Italian studio MARC has designed the House in Mathi project, a transformation of dilapidated barns into a contemporary residence and studio in Mathi, a small town in the Province of Turin, Italy.
House in Mathi by MARC:
“The client decides to leave his nice apartment downtown Torino to move his family to his hometown, restoring a big shed, little more than a roof in ruins, adjacent to the little house he restored with his wife in the years after their wedding. It is a long-time dream, for which he is eager to invest most of his resources. After interviewing several architects, he asks MARC to design a special house, irrational, for his whole life.
MARC decides to accept this responsibility with the client’s same honesty and passion. The family’s desires and needs are met directly, without trying to rationalize them into a design too unitary: openness toward the exterior, energetic autonomy, a small swimming-pool, care for the previous home, to be connected to the new one without being modified. A micro world made of well-defined initial elements, continuously developed and rethought during the period –not a short one- of the construction, heterogeneous, but neutralized by coating them with an uniform and indifferent color RAL 7032.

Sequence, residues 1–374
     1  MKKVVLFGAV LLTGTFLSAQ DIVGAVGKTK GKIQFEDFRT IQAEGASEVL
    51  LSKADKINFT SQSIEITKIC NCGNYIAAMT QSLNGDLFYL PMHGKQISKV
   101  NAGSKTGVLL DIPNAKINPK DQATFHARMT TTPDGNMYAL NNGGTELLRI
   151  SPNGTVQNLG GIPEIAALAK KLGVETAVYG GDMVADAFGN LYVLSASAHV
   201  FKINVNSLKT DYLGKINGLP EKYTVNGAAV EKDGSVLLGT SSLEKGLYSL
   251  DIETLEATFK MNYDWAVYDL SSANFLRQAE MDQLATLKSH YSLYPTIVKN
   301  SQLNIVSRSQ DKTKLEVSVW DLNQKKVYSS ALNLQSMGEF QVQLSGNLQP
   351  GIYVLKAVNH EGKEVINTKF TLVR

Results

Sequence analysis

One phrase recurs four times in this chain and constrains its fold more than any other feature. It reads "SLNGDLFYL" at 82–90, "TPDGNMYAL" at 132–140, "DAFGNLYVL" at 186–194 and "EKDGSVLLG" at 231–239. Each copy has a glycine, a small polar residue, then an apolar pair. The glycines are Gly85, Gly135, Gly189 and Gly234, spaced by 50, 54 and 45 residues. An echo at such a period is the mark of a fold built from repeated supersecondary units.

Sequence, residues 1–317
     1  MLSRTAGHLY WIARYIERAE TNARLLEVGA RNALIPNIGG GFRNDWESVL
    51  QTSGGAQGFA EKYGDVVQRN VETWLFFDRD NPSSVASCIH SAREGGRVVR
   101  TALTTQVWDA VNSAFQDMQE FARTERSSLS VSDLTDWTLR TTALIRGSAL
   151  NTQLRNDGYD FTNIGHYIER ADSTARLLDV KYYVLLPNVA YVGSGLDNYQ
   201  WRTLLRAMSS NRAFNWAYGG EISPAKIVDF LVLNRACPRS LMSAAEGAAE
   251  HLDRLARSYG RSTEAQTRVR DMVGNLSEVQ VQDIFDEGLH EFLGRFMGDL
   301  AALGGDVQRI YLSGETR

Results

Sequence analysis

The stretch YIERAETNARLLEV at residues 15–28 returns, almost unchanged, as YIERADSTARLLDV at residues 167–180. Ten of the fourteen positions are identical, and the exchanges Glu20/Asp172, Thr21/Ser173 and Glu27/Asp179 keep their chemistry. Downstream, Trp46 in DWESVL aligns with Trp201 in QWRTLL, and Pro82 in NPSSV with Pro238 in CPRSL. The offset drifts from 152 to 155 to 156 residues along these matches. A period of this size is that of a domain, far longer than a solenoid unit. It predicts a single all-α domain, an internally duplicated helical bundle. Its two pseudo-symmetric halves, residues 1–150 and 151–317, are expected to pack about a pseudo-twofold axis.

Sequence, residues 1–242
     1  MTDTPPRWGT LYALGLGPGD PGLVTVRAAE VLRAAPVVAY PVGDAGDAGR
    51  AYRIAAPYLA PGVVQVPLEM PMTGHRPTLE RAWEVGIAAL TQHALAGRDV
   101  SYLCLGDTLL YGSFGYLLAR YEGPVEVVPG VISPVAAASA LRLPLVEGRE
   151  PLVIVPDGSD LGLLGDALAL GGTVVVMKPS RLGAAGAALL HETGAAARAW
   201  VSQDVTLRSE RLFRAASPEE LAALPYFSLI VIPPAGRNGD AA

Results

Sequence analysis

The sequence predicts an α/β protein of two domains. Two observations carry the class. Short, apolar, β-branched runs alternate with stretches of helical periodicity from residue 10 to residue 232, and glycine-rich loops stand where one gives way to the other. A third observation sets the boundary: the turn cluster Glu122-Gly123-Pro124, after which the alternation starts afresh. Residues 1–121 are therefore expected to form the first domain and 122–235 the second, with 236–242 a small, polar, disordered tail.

Also the close bond to the territory is interpreted literally: a shallow excavation crosses the house from one side to the other and defines the building’s relation to the ground, provoking an immediate visual and functional link between the interior and the landscape. This lower -yellow- footprint allows to fit an additional floor without changing the outline of the building. It also allows enough space to suspend the volume of the swimming-pool at the second floor, for a better exposure to the sun.
During the construction period, the clients decide to extend to other building nearby the same additive approach the used for the house. They decide to restore also their professional studios, connecting them to the house through an old brick building. A year later they buy the house in front, to establish a small bed & breakfast, as well connected to the main house. A little village within the village begins to show… To be continued.”
Photos by: Beppi Giardino
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